Taking the mystery out of searching for college scholarships
By Matthew Garcia
The years leading to Mark Sutton’s senior year in high school at Corona Del Sol, Mark and his dad Tom had discussed future college possibilities--a little.
“Like many parents we thought about college, but never did anything,” Tom Sutton said.
When Mark finally reached his senior year, Tom studied university costs and did something that many unprepared parents do--he panicked.
While Mark had a good academic standing, he wasn’t necessarily at the top of his graduating class. The Suttons didn’t know what kinds of scholarship options were available to soften the financial blow from college tuition.
“I didn’t know what to do, I didn’t know where to start,” Tom said.
As the realities of costs sunk in, he decided the only way to approach the task was as a team.
“I made a partnership with Mark. He would focus on grades and I would hit the Internet looking for scholarships.”
The deal was that Tom would find the scholarship applications and Mark would complete them.
Tom, who spent hundreds of hours hunting various websites and databases, was surprised to find dozens and dozens of scholarship opportunities.
“There is literary billions of dollars of free money out there,” Tom said.
Sutton started his search in October, and by the time Mark was headed to Tucson for his freshman year at the University of Arizona, he had been awarded three scholarships that covered almost half of his first year of school.
“When I say there are billions of dollars I mean it,” Sutton said.
Sutton found that there a few different types of scholarships offering money, and it’s important for students and parents to become familiar with them.
There are financial need-based scholarships--such as federal grant money. There are university scholarships and private merit-based scholarships.
“Since my wife (and I) both worked, the private scholarships were our best option,” Tom said.
The private scholarships cover many different needs, from scholarships for students with diabetes to scholarships for tall students.
“There is a scholarship for almost everything,” Tom said.
Scotch, the makers of Duct Tape, even offer a scholarship for the student who designs the best dress out of their product, Tom said.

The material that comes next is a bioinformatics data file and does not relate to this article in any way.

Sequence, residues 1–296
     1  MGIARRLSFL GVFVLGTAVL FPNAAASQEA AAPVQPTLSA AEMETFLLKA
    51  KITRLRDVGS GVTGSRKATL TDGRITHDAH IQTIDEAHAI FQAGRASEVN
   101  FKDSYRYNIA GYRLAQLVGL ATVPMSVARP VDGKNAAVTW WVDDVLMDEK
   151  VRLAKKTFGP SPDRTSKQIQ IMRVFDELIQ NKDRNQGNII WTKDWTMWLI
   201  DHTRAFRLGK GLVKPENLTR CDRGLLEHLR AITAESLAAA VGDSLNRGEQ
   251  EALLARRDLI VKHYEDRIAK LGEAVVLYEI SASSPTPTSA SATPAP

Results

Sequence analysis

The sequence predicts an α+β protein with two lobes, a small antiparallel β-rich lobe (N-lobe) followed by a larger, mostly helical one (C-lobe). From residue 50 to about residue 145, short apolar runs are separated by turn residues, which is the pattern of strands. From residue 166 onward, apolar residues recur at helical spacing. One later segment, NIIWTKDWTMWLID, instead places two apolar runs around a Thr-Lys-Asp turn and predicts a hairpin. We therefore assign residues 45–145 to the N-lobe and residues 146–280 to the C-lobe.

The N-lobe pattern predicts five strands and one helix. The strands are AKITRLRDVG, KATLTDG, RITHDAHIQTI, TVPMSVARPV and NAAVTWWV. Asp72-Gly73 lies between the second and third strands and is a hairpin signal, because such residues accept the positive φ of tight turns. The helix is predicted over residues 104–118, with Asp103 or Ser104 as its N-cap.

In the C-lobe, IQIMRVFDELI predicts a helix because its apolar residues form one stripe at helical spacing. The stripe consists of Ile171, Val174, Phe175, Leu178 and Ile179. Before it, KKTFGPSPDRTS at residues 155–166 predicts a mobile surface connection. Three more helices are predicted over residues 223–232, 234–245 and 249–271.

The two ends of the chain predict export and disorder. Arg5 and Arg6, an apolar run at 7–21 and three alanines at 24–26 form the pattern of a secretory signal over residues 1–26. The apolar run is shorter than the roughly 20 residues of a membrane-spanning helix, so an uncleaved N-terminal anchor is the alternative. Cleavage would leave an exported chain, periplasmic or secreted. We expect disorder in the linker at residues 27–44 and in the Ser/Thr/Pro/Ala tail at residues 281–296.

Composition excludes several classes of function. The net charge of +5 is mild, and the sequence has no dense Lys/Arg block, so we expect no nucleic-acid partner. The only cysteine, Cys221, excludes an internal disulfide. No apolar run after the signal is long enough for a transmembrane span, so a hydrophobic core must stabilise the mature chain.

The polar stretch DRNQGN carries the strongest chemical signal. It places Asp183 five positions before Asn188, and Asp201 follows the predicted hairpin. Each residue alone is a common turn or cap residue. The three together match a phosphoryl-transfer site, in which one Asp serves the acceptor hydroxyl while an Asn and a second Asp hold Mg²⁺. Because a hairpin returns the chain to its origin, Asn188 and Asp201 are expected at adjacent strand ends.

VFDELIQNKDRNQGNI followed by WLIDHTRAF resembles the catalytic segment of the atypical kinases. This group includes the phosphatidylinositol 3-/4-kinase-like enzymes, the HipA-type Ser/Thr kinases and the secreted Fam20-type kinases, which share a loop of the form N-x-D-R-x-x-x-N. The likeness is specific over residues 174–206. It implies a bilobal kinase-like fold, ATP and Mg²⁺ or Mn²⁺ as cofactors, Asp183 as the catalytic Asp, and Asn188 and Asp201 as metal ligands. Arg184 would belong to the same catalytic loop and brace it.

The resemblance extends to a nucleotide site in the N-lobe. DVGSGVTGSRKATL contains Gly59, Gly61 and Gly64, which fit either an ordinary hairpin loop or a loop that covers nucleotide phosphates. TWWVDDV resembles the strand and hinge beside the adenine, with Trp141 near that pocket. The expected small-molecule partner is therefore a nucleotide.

While he said most scholarships are for high school seniors, once a student reaches the university level, the scholarship search should start all over again.
There are a ton of scholarships awarded to college students and to students interested in graduate school.
Spreading the knowledge
Mark found that the information he gathered from his scholarship endeavors was not widely known to parents facing their children’s college years.
Mark compiled his notes and started writing them down. Before he knew it, he had dozens of pages written in what would become his 172-page book, College Scholarships Search Guide.
“I guarantee that most people are clueless where to start.”
As an outcome of the work Tom and Mark undertook, Tom has started his own scholarship consultation business to inform families on steps that can ensure the best odds of receiving scholarship money.
On Saturday, Oct. 30, in conjunction with the Corona del Sol PTO, Sutton will host a forum on scholarship finding strategies.
PTO planner Diana Keller said the workshop, which will cost $10, is not just for the overachievers.
“(The workshop) is for the average student,” Keller said. Keller strongly encourages freshmen and sophomores to attend the workshop in order to know what to aim toward early.
The workshop will guide parents and their children through the steps toward finding scholarships, as well as organizational tools to understanding what the scholarships mean.
All the proceeds from the workshop will be put toward a senior scholarship.
Tom Sutton stresses that an early start is the most effective way to plan for your child’s education.
“The ideal time to begin planning is when your child is born, but of course that’s not realistic for everybody,” he said.
Tom says that when he found out the right path, he immediately put his daughter on the program.
“She been on my program for years,” he said, “It’s going to be interesting to see how it works for her when she is a senior.”
Tom has encouraged his daughter to participate in as many activities as possible, he says, because scholarship boards look highly toward students who volunteer and who are involved in extracurricular activities.
The educational workshop is from 10 a.m. to noon Saturday, Oct. 30, at the Corona del Sol Auditorium. Information (480) 215-0419.
Tom Sutton can be reached at email@example.com or www.collegescholarshipssearch.com.